24.05.2017 | Vienna University of Technology

All articles from Physics and Astronomy >>>

The most recent press releases about innovation >>>

Die letzten 5 Focus-News des innovations-reports im Überblick:

Im Focus: Can the immune system be boosted against Staphylococcus aureus by delivery of messenger RNA?

Staphylococcus aureus is a feared pathogen (MRSA, multi-resistant S. aureus) due to frequent resistances against many antibiotics, especially in hospital infections. Researchers at the Paul-Ehrlich-Institut have identified immunological processes that prevent a successful immune response directed against the pathogenic agent. The delivery of bacterial proteins with RNA adjuvant or messenger RNA (mRNA) into immune cells allows the re-direction of the immune response towards an active defense against S. aureus. This could be of significant importance for the development of an effective vaccine. PLOS Pathogens has published these research results online on 25 May 2017.

Staphylococcus aureus (S. aureus) is a bacterium that colonizes by far more than half of the skin and the mucosa of adults, usually without causing infections....

Im Focus: A quantum walk of photons

Physicists from the University of Würzburg are capable of generating identical looking single light particles at the push of a button. Two new studies now demonstrate the potential this method holds.

The quantum computer has fuelled the imagination of scientists for decades: It is based on fundamentally different phenomena than a conventional computer....

Im Focus: Turmoil in sluggish electrons’ existence

An international team of physicists has monitored the scattering behaviour of electrons in a non-conducting material in real-time. Their insights could be beneficial for radiotherapy.

We can refer to electrons in non-conducting materials as ‘sluggish’. Typically, they remain fixed in a location, deep inside an atomic composite. It is hence...

Im Focus: Wafer-thin Magnetic Materials Developed for Future Quantum Technologies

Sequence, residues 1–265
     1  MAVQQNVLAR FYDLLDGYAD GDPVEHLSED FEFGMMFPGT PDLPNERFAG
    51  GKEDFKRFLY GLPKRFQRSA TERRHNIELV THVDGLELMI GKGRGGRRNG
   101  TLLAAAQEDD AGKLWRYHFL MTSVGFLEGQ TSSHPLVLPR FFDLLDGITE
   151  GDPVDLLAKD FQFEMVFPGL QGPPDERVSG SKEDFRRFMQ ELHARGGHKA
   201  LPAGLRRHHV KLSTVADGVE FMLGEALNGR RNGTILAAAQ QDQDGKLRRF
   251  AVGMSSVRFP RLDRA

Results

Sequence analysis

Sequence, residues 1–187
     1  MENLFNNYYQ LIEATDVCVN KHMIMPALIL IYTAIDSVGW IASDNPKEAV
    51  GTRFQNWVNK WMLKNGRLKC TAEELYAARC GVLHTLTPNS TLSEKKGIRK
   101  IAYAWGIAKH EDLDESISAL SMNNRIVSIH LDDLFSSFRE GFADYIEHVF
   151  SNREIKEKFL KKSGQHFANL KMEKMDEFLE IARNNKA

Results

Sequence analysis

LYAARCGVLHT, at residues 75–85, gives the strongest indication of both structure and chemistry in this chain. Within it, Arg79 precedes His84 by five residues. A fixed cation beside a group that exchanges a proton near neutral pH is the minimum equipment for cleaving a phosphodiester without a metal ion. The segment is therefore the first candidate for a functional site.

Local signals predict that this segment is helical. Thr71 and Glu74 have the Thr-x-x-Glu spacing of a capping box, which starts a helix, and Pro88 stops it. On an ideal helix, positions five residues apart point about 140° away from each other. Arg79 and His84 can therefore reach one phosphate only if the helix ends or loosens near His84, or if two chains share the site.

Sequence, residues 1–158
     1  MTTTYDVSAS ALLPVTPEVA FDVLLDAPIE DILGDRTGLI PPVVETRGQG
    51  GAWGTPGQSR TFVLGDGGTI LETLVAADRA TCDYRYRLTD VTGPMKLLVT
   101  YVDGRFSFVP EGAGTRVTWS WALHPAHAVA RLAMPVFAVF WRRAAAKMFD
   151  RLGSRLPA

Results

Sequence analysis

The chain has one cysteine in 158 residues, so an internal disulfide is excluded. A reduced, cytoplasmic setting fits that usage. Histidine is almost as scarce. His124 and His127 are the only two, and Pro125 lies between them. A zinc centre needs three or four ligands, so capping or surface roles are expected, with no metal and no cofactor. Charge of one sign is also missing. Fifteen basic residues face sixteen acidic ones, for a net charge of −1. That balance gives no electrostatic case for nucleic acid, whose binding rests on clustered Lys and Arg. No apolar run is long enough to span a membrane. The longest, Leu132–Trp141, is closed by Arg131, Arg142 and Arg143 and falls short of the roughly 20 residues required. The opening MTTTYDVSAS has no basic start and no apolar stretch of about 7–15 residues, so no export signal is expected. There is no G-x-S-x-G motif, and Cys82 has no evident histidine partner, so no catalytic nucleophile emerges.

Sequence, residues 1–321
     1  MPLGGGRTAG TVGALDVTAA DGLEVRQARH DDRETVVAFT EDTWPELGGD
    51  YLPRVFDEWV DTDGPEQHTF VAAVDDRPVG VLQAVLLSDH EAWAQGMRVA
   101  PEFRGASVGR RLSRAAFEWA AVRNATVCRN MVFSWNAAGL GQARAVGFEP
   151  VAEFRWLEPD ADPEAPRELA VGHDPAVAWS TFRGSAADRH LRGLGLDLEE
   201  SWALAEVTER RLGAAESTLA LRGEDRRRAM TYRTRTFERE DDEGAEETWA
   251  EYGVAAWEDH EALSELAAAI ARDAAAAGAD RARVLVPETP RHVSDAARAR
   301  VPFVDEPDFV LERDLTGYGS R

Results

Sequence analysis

Two-dimensional magnetic structures are regarded as a promising material for new types of data storage, since the magnetic properties of individual molecular building blocks can be investigated and modified. For the first time, researchers have now produced a wafer-thin ferrimagnet, in which molecules with different magnetic centers arrange themselves on a gold surface to form a checkerboard pattern. Scientists at the Swiss Nanoscience Institute at the University of Basel and the Paul Scherrer Institute published their findings in the journal Nature Communications.

Ferrimagnets are composed of two centers which are magnetized at different strengths and point in opposing directions. Two-dimensional, quasi-flat ferrimagnets...

Im Focus: World's thinnest hologram paves path to new 3-D world

Nano-hologram paves way for integration of 3-D holography into everyday electronics

An Australian-Chinese research team has created the world's thinnest hologram, paving the way towards the integration of 3D holography into everyday...

All Focus news of the innovation-report >>>

Anzeige

Anzeige

Event News

Marine Conservation: IASS Contributes to UN Ocean Conference in New York on 5-9 June

24.05.2017 | Event News

AWK Aachen Machine Tool Colloquium 2017: Internet of Production for Agile Enterprises

23.05.2017 | Event News

Dortmund MST Conference presents Individualized Healthcare Solutions with micro and nanotechnology

22.05.2017 | Event News

 
Latest News

How herpesviruses win the footrace against the immune system

26.05.2017 | Life Sciences

Water forms 'spine of hydration' around DNA, group finds

26.05.2017 | Life Sciences

First Juno science results supported by University of Leicester's Jupiter 'forecast'

26.05.2017 | Physics and Astronomy

VideoLinks
B2B-VideoLinks
More VideoLinks >>>